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How To Stop People From Secretly Thinking You’re Full Of Crap

Their Problem = Who To Trust?

Full of Crap or True Blue TrustworthyCivilians secretly think Real Estate Agents are full of crapola. The civilian perception is:

  1. Real estate agents follow-up and follow-through like Donald Trump combs over, spectacularly irresponsible.
  2. Real estate agents behave and screech, “It’s ALL about ME”.  “I’m famous.”  “I’m NUMBER ONE.”  “Dig ME, Dig MY awards, Dig MY bill boards.”  “I exceed your expectations (for egoism and poor performance.)!”  Etc.
  3. Real estate agents spend more money on their Personal Promotion than property promotion.
  4. Real estate agents charge too much and do too little. List it  > plant scratched, crooked, rusty framed For Sale sign > shoot lame photos > deliver William (I have no professional training) Hung service > ignore empty Take-One flyer box > run a print ad > lay low till it sells > collect a commission check.

Let’s face it.  Civilians think most sales people are full of crap. Who can blame them. We have a ton to overcome.  Let’s get started…

Our Problem = Lack Of Trust

Here’s How Untrustworthy Is Created, Reinforced and Forwarded:

  1. Dress like you’re on vacation, a hobo or a hooker.
  2. Speak in shallow generalities.
  3. Demonstrate sloth, ignorance and apathy.
  4. Act inconsistent.
  5. Never apologize, always make excuses, blame and stay the same.
  6. Screech:  YOU are NUMBER ONE.  Talk about YOU exclusively.  Talk more than YOU listen.
  7. Act like YOU are the most important person in the room.
  8. Take phone calls while engaged with clients.
  9. Keep people waiting.
  10. Cut corners.
  11. Take ka-ka photos with cheap equipment.
  12. Create property flyer’s using clashing font styles, garish colors and seat-of-the-pants layout and design.
  13. Sprinkle your MLS listing remarks and property promotion materials with uninspiring, overused and misspelled words.
  14. Do as little as possible.
  15. Keep them un-informed and guessing.
  16. Respond slowly or not at all.
  17. Act moody, whimsical, lackadaisical or all 3.
  18. Have no systems, wing it.
  19. Follow-Up at your convenience, inconsistently or never.
  20. Break your promises.
  21. Ignore your commitments.
  22. Run late.
  23. Make excuses.
  24. Blame others.

The subject is Trust and Credibility.  The question is, how do we earn it?

Earning trust is simple in concept, execution is a challenge. To succeed isn’t easy.  You have to commit hard.  You have to embrace change as the new normal.  You have to lead, encourage, engage, solve and serve.  Here’s  a launching pad for your 2010 Trust Campaign.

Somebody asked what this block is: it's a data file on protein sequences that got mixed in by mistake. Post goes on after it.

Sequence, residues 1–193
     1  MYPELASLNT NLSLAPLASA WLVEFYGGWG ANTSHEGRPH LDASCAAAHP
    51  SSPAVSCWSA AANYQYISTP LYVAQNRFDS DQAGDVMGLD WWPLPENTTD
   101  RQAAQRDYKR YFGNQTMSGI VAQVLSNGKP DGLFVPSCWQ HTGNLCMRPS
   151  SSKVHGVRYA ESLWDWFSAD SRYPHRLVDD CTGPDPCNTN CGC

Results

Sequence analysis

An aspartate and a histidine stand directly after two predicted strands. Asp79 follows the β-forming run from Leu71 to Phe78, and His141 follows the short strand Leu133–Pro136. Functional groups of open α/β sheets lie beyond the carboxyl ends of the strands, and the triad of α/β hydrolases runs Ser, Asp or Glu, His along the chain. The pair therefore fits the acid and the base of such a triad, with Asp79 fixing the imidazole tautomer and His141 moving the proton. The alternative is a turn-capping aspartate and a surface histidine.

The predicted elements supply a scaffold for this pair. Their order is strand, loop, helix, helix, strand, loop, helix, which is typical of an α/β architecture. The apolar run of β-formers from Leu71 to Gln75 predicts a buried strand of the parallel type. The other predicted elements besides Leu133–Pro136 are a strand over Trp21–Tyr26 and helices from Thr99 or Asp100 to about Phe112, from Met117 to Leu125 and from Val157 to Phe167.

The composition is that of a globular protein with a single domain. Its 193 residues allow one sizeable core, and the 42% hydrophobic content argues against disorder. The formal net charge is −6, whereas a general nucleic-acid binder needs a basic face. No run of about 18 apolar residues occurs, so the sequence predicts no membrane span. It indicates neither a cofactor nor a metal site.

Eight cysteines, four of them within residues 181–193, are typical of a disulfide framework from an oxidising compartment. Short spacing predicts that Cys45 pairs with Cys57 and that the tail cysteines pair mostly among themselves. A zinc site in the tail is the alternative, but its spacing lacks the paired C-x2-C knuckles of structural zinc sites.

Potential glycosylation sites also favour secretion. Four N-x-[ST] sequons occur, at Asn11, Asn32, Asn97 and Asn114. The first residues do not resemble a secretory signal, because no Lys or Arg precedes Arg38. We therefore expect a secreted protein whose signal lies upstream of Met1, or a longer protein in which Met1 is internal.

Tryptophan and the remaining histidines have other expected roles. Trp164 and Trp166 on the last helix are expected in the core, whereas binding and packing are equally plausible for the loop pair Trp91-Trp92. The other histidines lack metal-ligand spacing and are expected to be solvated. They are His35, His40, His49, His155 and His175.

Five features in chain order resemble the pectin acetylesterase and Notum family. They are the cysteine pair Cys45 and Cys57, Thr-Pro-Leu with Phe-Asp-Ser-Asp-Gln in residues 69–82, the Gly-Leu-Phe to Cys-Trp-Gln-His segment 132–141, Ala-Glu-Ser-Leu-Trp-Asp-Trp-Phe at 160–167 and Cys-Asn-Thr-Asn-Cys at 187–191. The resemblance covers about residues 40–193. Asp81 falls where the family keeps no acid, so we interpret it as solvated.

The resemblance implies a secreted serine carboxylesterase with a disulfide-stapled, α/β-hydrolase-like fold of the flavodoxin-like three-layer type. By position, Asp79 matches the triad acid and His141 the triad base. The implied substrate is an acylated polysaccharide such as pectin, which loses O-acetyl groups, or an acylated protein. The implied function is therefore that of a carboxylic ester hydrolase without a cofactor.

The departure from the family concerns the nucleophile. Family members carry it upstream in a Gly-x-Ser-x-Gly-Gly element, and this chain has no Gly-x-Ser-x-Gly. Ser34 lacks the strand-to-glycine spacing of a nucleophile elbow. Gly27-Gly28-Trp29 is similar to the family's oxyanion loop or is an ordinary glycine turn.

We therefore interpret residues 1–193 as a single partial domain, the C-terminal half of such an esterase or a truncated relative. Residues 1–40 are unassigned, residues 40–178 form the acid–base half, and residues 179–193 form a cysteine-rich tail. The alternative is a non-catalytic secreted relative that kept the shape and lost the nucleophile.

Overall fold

17 Ways To Turn Brown-Eyes,True-Blue Trustworthy

  1. Trust is earned when we include facts, details, names, dates, statistics, testimonials, references and sources. Show, don’t tell.
  2. Trust is earned when we avoid answering questions with shallow generalities.
  3. Trust is earned when we employ professional grade tools, systems, techniques and people.
  4. Trust is earned when we communicate with calm confidence.
  5. Trust is earned when we act energetic and enthusiastic.
  6. Trust is earned when we take pride in our work, demonstrate commitment, respond promptly and act professionally.
  7. Trust is earned when we don’t brag or boast, but treat others with respect and courtesy.
  8. Trust is earned when we ask lot’s of questions about what, how, when and they want it and we deliver it.
  9. Trust is earned when we listen more than talk.
  10. Trust is earned when we collaborate, accept responsibility and avoid criticism, blame and excuses.
  11. Trust is earned when we provide a detailed, written marketing plan and share examples, samples and results.
  12. Trust is earned when we keep our clients informed.
  13. Trust is earned when we delight with over-delivery.
  14. Trust is earned when we lead with positive attitude, candid conversation and crisp execution.
  15. Trust is earned when we are consistent in word and deed.
  16. Trust is earned when we admit we don’t know something and we find the correct answer fast.
  17. Trust is earned when we guarantee we can be fired on the spot if we break a promise, slack or suck..  No questions asked. No fees.  No hassles.

Be The Change You Want To See.  Earn The Trust You Deserve.

I’ve been in this whacky business for over 30 years.  Our publicly perceived personas haven’t improved an iota. If anything, advances in technology and societal savvy have spotlighted the pitfalls, shortfalls and opportunities of today’s real estate realities.  I suggest, instead of chasing strangers and churning prospects, let’s develop real relationships and build bridges of True Blue Trust.  If we act trustworthy and work smart, we will attract opportunity and our success and prosperity is assured.